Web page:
Open your Eyes.   Friends don’t always show up where you think they should be or look like what you imagined. Don’t discount someone who is older, younger, richer, poorer, heavier or thinner or even a different race or culture than what you imagined.  Potential friends are everywhere. I met one of my closest friends at an audition: me for acting, her for modeling. We had an instant chemistry and 14 years later, we don’t see each other much, but both know that when we need a friend, we’re probably each other’s first call. Do things like take a class, join a gym, go to a wine tasting or volunteer. You’ll probably find that there are others who want to make friends as much as you do.

Don’t Give Up too Soon.  You won’t necessarily bond with someone as soon as you meet them.  Often this will happen, but every potential friend isn’t always “like at first sight.” Give any relationship time to blossom and if it’s meant to be, it will get stronger. Let potential friends show you their stuff and vice versa. We only get to know someone else over time. Old friendships require nurturing too, so don’t forget about them! But if the friendship becomes or is toxic, end it. You deserve better.

Be the Friend You Want. This goes along with the saying, “Treat people the way you want to be treated.” Be sincere, compassionate, loyal and honest. Listen as well as talk. Don’t gossip about or betray your friends. That’s the worst thing you can ever do, and we’ve all been there. Reach out when someone needs you, even if she isn’t able to ask or tell you what she needs. If you’re truly their friend, you’ll know something isn’t quite right.  Be reasonable in what you expect from others. Be willing to forgive, because people make mistakes. If they’re really your friend, deep down, you’ll know they didn’t mean it. But be willing to give up on a friendship when it isn’t working, which can happen to the best of friends. Friendships should be mutually satisfying and if they’re not, be willing to say goodbye.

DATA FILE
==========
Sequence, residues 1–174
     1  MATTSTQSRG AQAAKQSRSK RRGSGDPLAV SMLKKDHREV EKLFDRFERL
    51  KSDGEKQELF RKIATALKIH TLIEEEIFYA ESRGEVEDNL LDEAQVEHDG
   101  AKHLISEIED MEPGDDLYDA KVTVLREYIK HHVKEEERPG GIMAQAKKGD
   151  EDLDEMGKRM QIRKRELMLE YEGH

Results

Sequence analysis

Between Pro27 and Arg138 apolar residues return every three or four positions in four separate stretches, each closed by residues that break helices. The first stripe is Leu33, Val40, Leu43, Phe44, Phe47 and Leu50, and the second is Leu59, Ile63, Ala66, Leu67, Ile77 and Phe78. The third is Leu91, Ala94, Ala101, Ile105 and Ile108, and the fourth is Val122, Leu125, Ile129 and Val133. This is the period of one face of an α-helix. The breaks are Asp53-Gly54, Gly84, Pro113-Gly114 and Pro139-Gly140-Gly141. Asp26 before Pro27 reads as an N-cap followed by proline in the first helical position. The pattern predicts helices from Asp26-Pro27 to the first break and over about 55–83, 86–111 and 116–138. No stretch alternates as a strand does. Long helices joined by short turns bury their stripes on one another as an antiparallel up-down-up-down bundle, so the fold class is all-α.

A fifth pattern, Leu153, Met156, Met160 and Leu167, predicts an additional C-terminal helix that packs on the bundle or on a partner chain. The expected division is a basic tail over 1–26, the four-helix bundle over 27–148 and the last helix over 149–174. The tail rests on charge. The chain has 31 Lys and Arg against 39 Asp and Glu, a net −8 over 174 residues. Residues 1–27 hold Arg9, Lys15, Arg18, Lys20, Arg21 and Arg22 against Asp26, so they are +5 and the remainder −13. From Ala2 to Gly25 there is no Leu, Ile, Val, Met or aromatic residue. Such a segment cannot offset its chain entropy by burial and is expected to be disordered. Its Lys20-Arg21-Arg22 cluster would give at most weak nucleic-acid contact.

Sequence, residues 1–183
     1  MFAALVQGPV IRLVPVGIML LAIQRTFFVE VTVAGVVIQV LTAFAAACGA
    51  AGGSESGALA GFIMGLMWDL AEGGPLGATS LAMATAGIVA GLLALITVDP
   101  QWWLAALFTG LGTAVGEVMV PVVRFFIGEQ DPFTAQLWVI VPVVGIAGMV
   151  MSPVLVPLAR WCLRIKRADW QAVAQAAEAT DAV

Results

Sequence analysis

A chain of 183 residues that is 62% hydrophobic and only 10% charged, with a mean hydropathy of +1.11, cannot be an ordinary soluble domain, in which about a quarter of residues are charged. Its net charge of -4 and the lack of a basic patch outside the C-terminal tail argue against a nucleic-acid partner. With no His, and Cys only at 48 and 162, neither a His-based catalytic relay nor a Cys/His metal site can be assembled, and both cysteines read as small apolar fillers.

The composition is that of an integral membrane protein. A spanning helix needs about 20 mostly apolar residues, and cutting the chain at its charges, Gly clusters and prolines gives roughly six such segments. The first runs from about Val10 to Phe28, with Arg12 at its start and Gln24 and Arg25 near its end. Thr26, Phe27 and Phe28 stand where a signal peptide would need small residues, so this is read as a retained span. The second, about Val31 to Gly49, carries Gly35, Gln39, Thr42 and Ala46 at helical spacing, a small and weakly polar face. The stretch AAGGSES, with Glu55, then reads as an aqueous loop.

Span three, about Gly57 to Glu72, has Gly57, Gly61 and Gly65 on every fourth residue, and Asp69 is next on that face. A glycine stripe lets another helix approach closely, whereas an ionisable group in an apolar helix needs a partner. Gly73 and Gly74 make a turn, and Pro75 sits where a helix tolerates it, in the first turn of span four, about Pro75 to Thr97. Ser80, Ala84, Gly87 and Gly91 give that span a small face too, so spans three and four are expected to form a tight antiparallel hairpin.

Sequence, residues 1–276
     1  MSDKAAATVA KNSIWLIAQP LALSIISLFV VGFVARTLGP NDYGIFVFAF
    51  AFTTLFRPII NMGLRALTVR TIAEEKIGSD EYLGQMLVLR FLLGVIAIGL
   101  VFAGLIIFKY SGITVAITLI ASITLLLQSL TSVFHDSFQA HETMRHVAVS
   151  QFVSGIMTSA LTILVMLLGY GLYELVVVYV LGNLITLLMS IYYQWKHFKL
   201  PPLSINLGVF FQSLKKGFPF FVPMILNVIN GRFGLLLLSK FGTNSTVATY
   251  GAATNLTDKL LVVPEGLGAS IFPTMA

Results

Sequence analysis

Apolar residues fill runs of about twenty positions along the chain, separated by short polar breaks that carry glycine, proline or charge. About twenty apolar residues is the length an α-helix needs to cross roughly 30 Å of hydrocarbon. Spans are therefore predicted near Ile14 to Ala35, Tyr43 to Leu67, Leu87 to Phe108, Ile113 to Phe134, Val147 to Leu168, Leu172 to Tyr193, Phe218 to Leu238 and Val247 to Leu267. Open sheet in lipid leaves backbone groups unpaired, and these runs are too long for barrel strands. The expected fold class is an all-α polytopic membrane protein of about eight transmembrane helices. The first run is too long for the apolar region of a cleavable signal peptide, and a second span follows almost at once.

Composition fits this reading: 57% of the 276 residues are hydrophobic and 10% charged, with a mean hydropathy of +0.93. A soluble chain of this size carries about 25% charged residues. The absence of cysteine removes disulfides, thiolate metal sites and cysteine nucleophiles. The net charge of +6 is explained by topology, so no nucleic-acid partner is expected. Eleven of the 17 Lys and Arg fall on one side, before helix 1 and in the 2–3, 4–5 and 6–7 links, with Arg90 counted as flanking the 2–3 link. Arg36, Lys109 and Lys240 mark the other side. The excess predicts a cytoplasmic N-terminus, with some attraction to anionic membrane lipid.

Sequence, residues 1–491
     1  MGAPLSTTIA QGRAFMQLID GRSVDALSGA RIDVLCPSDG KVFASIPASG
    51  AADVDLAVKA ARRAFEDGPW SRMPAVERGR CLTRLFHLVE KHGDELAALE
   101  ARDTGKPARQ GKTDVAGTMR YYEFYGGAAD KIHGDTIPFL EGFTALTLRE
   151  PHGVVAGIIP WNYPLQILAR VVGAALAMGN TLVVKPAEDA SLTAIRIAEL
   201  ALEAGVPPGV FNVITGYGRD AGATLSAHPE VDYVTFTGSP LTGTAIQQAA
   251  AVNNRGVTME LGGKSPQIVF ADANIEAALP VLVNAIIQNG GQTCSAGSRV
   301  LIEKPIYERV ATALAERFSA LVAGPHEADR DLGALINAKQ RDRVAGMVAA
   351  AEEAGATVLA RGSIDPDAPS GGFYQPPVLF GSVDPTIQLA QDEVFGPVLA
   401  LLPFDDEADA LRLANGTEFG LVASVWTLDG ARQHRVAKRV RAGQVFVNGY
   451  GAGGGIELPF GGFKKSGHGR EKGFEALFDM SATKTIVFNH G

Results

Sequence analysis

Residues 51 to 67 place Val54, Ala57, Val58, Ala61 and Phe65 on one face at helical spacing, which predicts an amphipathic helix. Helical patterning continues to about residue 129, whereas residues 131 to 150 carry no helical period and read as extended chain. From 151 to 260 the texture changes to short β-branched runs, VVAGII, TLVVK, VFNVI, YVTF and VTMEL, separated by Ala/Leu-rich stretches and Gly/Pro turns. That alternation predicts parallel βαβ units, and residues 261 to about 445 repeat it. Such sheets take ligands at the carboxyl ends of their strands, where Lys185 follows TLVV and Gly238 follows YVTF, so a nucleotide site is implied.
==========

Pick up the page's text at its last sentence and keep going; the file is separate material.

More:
Be willing to say you’re sorry. If you truly did something wrong and you know it, apologize. If the person is really you’re friend, they’ll forgive you. If they’re not, they won’t.  Move on.

If someone hurts you, tell them.  Most people aren’t mind-readers, so if you think a friend has wronged you, tell her or him. If they’re really your friend, they’ll probably have no idea they’ve hurt you. Don’t wait a week or even a day because the anger and resentment will fester. Tell them and talk about it. It’s not fair to either of you to do otherwise. Friends don’t intentionally don’t hurt friends.

I’ve learned a lot about friendship over the years and the bottom line is this: True friends are hard to find, but they’re out there. If you’re lucky enough to have one, or more than one, tell them how much they mean to you. Trust me, it’ll mean the world to them and you’ll feel great for letting them know.

Post by Susan Monaco (CLAS ’85), Certified Health Coach

Read More: College

Thoughts on “The Power of Friendship